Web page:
In November, Tepco began its third major discharge. The group Korean Peoples’ Action Against Japan’s Ocean Dumping of Radioactive Wastewater said problems with the process include clogged wastewater filters, and an increase in the concentration of radioactive material in the third discharge compared to the second. Likewise, the Pacific Collective on Nuclear Issues, composed of civil society groups, NGOs, and others in the Pacific region, said in a statement, “If the Japanese government and Tepco believe the radioactive wastewater is safe, they should be prepared to safely dispose of it within terrestrial Japan.”

The Collective also reminded the 52nd meeting of Pacific Island Forum states in Cook Island that the panel of scientific experts commissioned by the Forum found that “data provided so far, to support Japan’s claim that the treated wastewater is safe, is inconsistent, unsound, and therefore far from reliable.” Additionally, the Polynesian bloc attending the Forum (including Niue, Cook Islands, Samoa, American Samoa, French Polynesia, Wallis and Futuna, Tuvalu and Tonga) demanded a pause in Japan’s dumping.

Wastewater accident contaminates five workers

Tepco has reported that five workers accidentally came in contact with radioactive “fluid” while cleaning ocean dumping discharge pipelines. Two of them were contaminated enough to be kept under medical observation, China Daily reported November 6. According to Tepco, a doctor said there was a possibility the two men sustained burns due to radiation exposure. The Daily, which has been highly critical of Japan’s wastewater discharging, demanded to know: “[S]ince four of the five workers ‘were wearing protective gear and full-face masks, which prevented ingestion of the fluid,’ how could the ‘fluid’ splash and burn the ‘lower body and both arms’ of one of them, and why the other worker, whose  ‘entire body was found to be exposed,’ was allowed to do the dangerous work without wearing any protective gear?” The Daily’s editors declared that the “Accident proved Japan’s toxic water plan dubious.”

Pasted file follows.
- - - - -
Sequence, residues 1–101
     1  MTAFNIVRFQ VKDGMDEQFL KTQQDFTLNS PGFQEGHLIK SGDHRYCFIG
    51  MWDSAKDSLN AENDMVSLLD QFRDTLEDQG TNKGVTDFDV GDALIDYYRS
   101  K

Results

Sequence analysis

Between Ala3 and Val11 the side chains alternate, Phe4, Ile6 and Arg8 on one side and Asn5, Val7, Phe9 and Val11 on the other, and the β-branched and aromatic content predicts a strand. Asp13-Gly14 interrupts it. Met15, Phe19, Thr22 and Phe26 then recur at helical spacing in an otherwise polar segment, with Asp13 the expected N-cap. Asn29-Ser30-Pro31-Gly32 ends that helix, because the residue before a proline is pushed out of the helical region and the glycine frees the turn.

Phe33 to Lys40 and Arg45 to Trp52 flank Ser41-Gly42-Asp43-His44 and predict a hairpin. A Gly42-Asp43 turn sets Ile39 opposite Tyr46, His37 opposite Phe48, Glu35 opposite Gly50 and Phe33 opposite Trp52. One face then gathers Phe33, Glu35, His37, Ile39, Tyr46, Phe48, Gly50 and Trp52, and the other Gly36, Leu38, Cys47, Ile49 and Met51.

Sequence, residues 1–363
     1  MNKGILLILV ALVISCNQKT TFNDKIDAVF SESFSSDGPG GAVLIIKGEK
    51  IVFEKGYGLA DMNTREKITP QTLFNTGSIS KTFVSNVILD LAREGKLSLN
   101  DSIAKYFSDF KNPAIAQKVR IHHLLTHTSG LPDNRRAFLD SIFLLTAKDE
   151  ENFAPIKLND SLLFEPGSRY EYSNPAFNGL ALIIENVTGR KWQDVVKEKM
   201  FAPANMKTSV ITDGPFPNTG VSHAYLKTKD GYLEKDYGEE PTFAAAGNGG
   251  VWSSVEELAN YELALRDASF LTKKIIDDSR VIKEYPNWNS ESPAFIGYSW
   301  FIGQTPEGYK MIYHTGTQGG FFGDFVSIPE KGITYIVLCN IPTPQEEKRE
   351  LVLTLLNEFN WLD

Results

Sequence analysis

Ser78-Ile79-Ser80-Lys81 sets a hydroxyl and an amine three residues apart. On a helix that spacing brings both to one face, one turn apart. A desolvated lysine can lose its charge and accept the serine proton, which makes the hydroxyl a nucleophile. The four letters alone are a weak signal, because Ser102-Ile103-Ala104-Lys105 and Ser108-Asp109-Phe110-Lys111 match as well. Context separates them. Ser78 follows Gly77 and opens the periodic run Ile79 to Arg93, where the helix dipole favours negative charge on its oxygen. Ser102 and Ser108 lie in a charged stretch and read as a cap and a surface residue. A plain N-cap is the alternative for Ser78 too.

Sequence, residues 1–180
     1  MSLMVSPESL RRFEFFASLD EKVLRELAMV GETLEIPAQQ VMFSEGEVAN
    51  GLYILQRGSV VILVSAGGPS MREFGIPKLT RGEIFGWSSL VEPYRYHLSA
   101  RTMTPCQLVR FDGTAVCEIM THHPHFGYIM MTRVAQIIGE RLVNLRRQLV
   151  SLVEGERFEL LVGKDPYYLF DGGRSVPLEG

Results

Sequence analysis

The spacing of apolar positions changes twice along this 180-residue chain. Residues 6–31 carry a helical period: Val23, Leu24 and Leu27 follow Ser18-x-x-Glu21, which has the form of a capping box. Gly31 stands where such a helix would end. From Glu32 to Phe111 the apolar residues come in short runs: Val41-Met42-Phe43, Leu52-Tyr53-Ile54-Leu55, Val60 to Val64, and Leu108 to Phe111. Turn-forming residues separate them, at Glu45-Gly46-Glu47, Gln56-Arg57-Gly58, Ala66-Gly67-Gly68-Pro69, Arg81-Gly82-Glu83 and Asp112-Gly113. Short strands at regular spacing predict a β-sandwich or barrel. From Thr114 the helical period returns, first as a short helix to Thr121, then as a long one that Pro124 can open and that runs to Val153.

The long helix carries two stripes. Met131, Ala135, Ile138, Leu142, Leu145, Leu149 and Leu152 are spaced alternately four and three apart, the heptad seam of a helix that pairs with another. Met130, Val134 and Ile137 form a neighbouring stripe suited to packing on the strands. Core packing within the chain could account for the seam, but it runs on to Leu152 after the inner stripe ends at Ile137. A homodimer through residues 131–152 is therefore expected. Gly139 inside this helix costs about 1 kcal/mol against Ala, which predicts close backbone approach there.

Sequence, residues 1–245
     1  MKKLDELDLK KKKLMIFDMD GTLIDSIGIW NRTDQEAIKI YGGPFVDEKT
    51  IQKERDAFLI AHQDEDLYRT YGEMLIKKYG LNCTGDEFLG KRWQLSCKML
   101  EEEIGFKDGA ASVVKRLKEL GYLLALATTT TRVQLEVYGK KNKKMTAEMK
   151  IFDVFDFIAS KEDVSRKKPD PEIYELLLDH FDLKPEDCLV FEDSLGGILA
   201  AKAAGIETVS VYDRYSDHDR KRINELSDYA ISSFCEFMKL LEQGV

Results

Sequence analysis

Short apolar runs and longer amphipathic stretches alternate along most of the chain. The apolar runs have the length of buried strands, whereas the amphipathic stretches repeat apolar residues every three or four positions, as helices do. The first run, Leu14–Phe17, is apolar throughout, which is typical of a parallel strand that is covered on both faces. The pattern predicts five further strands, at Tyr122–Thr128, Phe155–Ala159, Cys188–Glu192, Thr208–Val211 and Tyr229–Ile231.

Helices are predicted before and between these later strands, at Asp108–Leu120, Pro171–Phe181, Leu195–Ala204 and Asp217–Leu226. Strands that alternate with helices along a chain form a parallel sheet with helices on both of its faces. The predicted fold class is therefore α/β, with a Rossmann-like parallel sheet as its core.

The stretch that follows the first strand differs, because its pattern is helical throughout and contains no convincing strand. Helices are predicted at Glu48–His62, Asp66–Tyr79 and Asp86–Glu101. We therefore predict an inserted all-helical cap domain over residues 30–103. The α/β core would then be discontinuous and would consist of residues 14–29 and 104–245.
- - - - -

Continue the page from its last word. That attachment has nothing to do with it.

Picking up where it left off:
Editors plaster “safe” over risky discharge

“IAEA confirms safe tritium levels in latest ALPS treated water release at Fukushima,” was the November 7 headline Nuclear Engineering International magazine used in its report on Tepco’s wastewater dumping. However, the article itself had no such confirmation. IAEA experts monitoring the discharge only said that the concentration of radioactive tritium in the waste was “far below Japan’s operational limit.” The word “safe” did not appear in the article or the IAEA report. The article’s text was factually accurate since there is no safe level of radioactive contamination. Like hundreds of others in the safe position, the magazine’s editors put the word “safe” into the IAEA’s mouth and turned the reporter’s story into a lullaby.

Area forests are a re-contamination source

Jim Smith, a Professor of Environmental Science at the University of Portsmouth, wrote in The Conversation October 23, that “Radiocaesium [cesium-137], which is the most important long-lived radioactive element emitted by the accident in terms of radiation dose, adheres to soil particles very strongly. Consequently, the decontamination of agricultural land primarily involved removing the top 5cm [about 2 inches] of topsoil. In urban areas, decontamination efforts entailed the removal of soil from sports fields”, school yards and other public areas.

However, as much as 71% of Fukushima Prefecture is covered by forest, and most of it remains contaminated. “Restrictions on the consumption of forest products have lasted for decades following the 1986 Chernobyl incident. And they are expected to persist in many forested areas of Fukushima too,” Prof. Smith wrote. Rainwater runoff from these forests creates routine downstream re-contamination of previously decontaminated areas. Additionally, forest fires can redistribute radioactivity still on trees and the forest floor creating inhalation risks — the same way fire regularly plagues the radioactive exclusion zone around the Chernobyl wreckage in Ukraine.

John LaForge is a Co-director of Nukewatch, a peace and environmental justice group in Wisconsin, and edits its newsletter.